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  • Glycobiology

    Glycobiology is the study of the structure, function and biology of carbohydrates, often called glycans, which are widely distributed in nature (1). It is a small but rapidly growing field in biology, with relevance to biomedicine, biotechnology, biofuels and basic research. In eukaryotic cells the majority of proteins are post-translationally modified (2). A common modification, essential for cell viability, is the attachment of glycans. For a visual representation, see the N-linked and O-linked glycosylation tab below.

    Glycans define many properties of glycoconjugates (glycoproteins and glycolipids). For instance, it is largely through glycan–protein interactions that cell–cell and cell–pathogen contacts occur. Likewise, glycan molecules modulate many other processes important for cell and tissue differentiation, metabolic and gene regulation, protein activity, protein clearance, transport, and more (3-10). For more information, see the role of carbohydrates in the inflammation response tab below.

    References

    1. Spiro, R. G. (2002) Glycobiology 12, 43R-56R. PMID: 112042244
    2. Khoury G.A. et al (2011) Scientific Reports 1: 90. PMID: 22034591
    3. Varki A. (1993) Glycobiology. 3(2):97-130. PMID: 8490246
    4. Zhao Y.Y. et al (2008) Cancer Sci. 99(7):1304-10. PMID: 18492092
    5. Zhao Y. et al (2008) FEBS J. 275(9):1939-48. PMID: 18384383
    6. Skropeta D. (2009) Bioorg Med Chem. 17(7):2645-53. PMID: 19285412
    7. Neu U. et al (2011) Curr Opin Struct Biol. 21(5):610-8. PMID: 21917445
    8. Cerliani J.P. et al (2011) J Clin Immunol. 31(1):10-21. PMID: 21184154
    9. Aarnoudse C.A. et al (2006) Curr Opin Immunol. 18(1):105-11. PMID: 16303292
    10. Arnold J.N. (2006) Immunol Lett. 106(2):103-10. PMID: 16814399
    1. Overview of Glycobiology

      Learn about the core sequences and common modifications of N-linked and O-linked glycans in this video. Analysis of these glycans and/or peptide portions of the glycoprotein can be accomplished with the use of deglycosylation enzymes, which are explained in detail. Unlike other chemical deglycosylation methods, enzymatic treatment is much gentler and can provide complete sugar removal with no protein degradation.

    2. Identification and Characterization of Protein Glycosylation

      Here we illustrate the use of glycosidases for the analysis of a model glycoprotein: recombinant human chorionic gonadotropin beta (hCGβ), which carries both N-glycans and O-glycans in this video. The technique requires only simple instrumentation and typical consumables, and it can be readily adapted to the analysis of multiple glycoprotein samples.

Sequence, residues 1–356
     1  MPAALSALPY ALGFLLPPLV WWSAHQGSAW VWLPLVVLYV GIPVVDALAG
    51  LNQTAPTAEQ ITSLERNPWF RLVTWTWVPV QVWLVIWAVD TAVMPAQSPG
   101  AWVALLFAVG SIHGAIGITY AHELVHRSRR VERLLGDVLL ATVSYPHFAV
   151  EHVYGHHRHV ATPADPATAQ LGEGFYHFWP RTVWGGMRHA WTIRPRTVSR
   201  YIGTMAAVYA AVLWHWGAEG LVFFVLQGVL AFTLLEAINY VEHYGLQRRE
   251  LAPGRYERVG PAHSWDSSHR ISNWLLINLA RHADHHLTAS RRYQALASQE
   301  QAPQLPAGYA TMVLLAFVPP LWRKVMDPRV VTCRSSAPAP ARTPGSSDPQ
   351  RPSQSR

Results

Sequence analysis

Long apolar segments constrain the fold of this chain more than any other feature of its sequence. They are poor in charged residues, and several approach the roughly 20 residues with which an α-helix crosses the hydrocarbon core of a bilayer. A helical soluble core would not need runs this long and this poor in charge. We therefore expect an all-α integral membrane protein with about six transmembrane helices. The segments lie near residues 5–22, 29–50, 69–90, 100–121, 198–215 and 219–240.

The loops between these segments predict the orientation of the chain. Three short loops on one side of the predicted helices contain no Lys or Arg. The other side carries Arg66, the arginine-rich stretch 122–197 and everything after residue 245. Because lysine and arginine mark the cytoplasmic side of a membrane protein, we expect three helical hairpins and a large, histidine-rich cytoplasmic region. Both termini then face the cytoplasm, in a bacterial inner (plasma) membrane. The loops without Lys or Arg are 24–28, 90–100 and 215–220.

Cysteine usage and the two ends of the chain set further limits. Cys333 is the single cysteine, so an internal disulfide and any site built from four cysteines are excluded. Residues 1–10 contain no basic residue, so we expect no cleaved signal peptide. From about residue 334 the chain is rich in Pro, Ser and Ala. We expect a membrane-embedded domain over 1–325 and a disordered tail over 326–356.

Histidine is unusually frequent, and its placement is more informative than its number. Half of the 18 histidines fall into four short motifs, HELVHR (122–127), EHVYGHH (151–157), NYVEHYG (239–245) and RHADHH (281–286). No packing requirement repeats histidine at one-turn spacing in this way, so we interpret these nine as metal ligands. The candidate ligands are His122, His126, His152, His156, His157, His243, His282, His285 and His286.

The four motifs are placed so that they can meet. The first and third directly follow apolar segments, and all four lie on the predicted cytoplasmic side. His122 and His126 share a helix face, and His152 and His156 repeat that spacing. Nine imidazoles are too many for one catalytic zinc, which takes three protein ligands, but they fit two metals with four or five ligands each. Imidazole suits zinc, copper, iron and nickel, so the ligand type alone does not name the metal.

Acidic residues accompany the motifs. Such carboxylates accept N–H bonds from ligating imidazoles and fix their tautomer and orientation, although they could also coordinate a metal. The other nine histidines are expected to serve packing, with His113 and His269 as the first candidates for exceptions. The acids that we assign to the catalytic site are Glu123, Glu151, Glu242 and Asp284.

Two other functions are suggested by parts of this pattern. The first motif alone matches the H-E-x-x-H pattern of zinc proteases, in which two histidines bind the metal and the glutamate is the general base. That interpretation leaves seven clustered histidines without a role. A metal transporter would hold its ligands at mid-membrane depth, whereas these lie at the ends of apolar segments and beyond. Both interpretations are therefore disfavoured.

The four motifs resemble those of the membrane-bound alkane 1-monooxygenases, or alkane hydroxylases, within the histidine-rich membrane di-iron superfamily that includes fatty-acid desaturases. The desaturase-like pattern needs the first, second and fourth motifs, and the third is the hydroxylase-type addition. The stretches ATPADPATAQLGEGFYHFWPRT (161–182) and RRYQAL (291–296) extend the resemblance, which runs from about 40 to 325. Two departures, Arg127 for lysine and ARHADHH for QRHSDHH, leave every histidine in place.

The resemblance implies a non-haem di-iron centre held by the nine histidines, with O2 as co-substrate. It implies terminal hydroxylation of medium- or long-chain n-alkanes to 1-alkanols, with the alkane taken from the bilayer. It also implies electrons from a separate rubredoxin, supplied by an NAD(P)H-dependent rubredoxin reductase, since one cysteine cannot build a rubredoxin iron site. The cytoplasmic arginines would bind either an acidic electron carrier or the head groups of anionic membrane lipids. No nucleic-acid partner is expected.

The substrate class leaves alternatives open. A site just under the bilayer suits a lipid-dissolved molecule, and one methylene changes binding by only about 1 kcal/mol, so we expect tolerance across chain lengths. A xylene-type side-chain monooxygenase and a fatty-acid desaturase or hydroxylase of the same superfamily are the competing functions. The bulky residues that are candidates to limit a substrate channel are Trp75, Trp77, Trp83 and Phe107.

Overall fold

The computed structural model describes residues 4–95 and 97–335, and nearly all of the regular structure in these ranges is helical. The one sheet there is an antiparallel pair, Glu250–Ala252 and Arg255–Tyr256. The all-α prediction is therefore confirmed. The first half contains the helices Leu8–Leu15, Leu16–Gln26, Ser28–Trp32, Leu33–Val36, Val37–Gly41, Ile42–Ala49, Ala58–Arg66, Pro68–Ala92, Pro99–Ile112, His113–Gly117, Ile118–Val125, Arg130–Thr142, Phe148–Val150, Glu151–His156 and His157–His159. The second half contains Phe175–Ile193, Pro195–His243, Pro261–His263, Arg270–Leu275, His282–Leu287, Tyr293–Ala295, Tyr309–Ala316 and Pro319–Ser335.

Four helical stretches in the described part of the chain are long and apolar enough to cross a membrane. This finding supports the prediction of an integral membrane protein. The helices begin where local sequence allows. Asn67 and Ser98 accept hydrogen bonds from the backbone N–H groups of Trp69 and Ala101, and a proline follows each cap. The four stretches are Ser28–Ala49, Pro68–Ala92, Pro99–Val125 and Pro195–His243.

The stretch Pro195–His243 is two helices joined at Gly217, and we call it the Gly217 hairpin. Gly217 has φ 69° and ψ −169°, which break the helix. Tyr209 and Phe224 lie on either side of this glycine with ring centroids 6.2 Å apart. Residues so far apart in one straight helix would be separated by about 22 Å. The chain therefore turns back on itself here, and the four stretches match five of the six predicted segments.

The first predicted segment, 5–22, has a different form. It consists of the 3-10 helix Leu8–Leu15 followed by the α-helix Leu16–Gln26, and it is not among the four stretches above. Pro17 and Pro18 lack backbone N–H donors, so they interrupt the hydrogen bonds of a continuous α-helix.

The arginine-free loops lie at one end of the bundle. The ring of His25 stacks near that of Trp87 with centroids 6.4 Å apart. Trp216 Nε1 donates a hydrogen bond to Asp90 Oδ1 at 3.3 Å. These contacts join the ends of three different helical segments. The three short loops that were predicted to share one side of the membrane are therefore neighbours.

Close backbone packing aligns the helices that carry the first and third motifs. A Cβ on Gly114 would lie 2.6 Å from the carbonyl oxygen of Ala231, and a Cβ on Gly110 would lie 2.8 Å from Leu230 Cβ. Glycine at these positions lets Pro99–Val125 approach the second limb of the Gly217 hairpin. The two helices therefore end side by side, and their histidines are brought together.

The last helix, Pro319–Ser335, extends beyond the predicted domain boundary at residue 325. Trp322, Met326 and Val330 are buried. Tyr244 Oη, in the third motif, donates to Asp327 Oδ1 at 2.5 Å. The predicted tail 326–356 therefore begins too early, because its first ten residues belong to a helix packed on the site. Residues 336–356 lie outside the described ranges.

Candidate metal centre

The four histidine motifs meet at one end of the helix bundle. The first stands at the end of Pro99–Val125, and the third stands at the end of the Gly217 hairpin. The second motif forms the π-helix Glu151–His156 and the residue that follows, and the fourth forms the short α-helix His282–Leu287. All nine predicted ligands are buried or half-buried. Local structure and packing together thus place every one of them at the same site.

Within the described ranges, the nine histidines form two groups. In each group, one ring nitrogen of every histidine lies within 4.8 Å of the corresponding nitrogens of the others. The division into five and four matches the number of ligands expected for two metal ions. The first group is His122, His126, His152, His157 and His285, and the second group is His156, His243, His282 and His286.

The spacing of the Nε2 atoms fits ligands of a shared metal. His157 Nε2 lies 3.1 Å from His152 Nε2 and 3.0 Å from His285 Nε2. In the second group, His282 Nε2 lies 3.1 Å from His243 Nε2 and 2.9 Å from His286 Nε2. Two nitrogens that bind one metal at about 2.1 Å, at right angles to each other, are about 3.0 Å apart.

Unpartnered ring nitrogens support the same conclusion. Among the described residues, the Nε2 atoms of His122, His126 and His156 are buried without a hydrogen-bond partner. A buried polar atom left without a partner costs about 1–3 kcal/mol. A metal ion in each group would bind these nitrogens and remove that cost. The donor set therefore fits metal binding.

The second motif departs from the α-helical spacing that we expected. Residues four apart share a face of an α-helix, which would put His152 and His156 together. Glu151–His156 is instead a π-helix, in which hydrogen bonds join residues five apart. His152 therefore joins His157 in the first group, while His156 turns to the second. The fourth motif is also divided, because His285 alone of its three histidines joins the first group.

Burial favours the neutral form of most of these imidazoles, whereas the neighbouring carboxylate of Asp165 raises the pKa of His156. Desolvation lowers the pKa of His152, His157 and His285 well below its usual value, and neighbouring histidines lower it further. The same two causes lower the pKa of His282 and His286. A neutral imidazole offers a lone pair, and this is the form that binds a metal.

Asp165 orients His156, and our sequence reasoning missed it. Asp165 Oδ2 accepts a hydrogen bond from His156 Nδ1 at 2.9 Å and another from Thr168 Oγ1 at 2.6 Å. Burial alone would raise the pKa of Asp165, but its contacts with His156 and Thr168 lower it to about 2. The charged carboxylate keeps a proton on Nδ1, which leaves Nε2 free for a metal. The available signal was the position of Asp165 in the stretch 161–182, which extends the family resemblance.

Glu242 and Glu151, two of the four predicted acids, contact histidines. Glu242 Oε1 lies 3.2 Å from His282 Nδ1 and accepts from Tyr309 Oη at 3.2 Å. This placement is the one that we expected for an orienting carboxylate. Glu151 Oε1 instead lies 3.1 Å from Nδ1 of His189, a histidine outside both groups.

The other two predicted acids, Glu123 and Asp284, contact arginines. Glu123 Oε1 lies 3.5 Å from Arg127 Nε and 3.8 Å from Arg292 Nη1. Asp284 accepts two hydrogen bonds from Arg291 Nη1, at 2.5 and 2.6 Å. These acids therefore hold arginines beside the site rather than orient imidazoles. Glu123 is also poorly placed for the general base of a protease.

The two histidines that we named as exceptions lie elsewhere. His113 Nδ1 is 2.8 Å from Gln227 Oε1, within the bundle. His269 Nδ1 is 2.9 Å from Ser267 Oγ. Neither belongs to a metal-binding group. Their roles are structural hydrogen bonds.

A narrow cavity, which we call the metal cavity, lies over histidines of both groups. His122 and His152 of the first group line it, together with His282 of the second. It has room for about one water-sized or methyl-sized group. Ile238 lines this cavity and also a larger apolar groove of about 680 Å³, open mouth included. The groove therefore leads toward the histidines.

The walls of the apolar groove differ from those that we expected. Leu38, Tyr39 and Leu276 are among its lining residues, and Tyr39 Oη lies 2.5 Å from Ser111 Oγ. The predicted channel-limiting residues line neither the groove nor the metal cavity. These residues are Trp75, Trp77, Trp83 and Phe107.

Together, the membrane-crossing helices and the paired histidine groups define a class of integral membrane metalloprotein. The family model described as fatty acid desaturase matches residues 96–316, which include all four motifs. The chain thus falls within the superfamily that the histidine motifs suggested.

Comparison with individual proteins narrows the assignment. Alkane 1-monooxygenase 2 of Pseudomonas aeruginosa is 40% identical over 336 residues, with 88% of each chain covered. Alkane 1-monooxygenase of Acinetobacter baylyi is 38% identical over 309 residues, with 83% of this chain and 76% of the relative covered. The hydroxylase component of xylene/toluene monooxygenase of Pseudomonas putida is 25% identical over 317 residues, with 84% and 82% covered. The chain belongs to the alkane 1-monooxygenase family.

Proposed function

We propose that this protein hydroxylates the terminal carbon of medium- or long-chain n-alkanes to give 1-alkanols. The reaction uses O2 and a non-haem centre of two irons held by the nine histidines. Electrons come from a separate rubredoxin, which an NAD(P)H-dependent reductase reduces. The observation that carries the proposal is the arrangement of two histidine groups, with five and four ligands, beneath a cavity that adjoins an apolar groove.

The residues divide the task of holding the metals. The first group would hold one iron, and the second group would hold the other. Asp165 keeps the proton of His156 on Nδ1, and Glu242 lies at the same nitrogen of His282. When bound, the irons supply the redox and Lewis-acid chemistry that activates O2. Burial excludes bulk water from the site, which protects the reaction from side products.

3. Elucidating the Complexity of Heparin Oligosaccharide Analysis

      Learn more about the structural elucidation of complex and diverse heparin oligosaccharides using Bacteroides Heparinase I, II and III in combination with downstream mass spec analysis.

    Glycobiology includes these areas of focus:

    Sequencing Glycans
    Biosynthesis of Glycans in Eukaryotes
    Removal of N-Linked & O-Linked Glycans from Glycoproteins
    Glycoprotein Production in Various Expression Systems
    Depolymerization of Heparin/HS
    MS Analysis of GAGs

    FAQs for Glycobiology

    N-Linked and O-Linked Glycosylation

    N-linked glycosylation occurs through consensus asparagine residues of the protein, while O-glycosylation occurs through serine or threonine residues.

    Role of Carbohydrates in the Inflammation Response

    One example of the role of carbohydrates in cell recognition. During inflammation, circulating leukocytes are recruited via their glycans, which are recognized by specific receptors (selectins) in the endothelial wall. The leukocytes stop and firmly adhere to the endothelium before moving out towards the injured tissue. This process is a critical component of the innate immune response: patients affected with glycosylation disorders often present with recurrent infections, due to leukocyte adhesion deficiency.